In “infinite space,” the search appliance repeatedly crawls similar URLs with the same content while useful content goes uncrawled. For example, the search appliance might start crawling infinite space if a page that it fetches contains a link back to itself with a different URL. The search appliance keeps crawling this page because, each time, the URL contains progressively more query parameters or a longer path. When a URL is in infinite space, the search appliance does not crawl links in the content.
By enabling infinite space detection, you can prevent crawling of duplicate content to avoid infinite space indexing.
To enable infinite space detection, use the Content Sources > Web Crawl > Duplicate Hosts page.
For complete information about the Content Sources > Web Crawl > Duplicate Hosts page, click Admin Console Help > Content Sources > Web Crawl > Duplicate Hosts in the Admin Console.
A Web server can handle several concurrent requests from the search appliance. The number of concurrent requests is known as the Web server’s “host load.” If the Google Search Appliance is crawling through a proxy, the host load limits the maximum number of concurrent connections that can be made through the proxy. The default number of concurrent requests is 4.0.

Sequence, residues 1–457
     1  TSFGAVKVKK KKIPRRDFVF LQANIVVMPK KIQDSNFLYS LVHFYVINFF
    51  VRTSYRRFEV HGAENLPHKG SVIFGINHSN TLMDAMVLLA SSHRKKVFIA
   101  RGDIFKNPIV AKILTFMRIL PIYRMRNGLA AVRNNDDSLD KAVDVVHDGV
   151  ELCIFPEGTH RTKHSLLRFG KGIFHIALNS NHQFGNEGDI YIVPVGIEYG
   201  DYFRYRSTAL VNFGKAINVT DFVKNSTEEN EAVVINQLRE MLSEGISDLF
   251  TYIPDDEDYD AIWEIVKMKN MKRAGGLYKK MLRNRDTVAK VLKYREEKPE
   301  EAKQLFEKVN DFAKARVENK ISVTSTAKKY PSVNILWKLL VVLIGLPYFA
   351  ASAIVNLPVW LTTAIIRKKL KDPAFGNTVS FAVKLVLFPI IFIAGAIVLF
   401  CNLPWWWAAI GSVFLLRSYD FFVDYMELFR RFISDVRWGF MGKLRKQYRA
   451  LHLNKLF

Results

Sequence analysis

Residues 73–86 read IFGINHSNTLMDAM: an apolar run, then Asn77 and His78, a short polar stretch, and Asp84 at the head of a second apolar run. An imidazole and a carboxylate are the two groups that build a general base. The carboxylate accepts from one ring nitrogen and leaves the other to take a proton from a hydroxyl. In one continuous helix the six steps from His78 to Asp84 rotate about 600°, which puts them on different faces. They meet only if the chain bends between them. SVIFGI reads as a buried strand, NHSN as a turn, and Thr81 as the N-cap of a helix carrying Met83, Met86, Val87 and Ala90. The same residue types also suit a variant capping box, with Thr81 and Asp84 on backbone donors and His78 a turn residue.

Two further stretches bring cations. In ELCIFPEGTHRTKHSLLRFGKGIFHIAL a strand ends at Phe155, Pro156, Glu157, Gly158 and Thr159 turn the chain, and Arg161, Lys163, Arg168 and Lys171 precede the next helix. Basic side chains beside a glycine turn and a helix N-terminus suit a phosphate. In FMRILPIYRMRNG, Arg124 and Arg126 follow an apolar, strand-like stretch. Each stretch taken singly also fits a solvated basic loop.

Increasing the host load can speed up the crawl rate, but it also puts more load on your Web servers. It is recommended that you experiment with the host load settings at off-peak time or in controlled environments so that you can monitor the effect it has on your Web servers.
To configure a Web Server Host Load schedule, use the Content Sources > Web Crawl > Host Load Schedule page. You can also use this page to configure exceptions to the web server host load.
Regarding file system crawling: if you’ve configured the search appliance to crawl documents from a SMB file system, it only follows the configurable default value of Web Server Host Load (default to 4.0), it does not follow the Exceptions to Web Server Host Load specifically for the SMB host. Due to design constraint, the default Web Server Host Load value can only be set to 8.0 or below, or it may effect the performance of your file system crawling.
For complete information about the Content Sources > Web Crawl > Host Load Schedule page, click Admin Console Help > Content Sources > Web Crawl > Host Load Schedule in the Admin Console.
Collections are subsets of the index used to serve different search results to different users. For example, a collection can be organized by geography, product, job function, and so on. Collections can overlap, so one document can be relevant to several different collections, depending on its content. Collections also allow users to search targeted content more quickly and efficiently than searching the entire index.
For information about using the Index > Collections page to create and manage collections, click Admin Console Help > Index > Collections in the Admin Console.
During initial crawling, the Google Search Appliance establishes the default_collection, which contains all crawled content. You can redefine the default_collection but it is not advisable to do this because index diagnostics are organized by collection. Troubleshooting using the Index > Diagnostics > Index Diagnostics page becomes much harder if you cannot see all URLs crawled.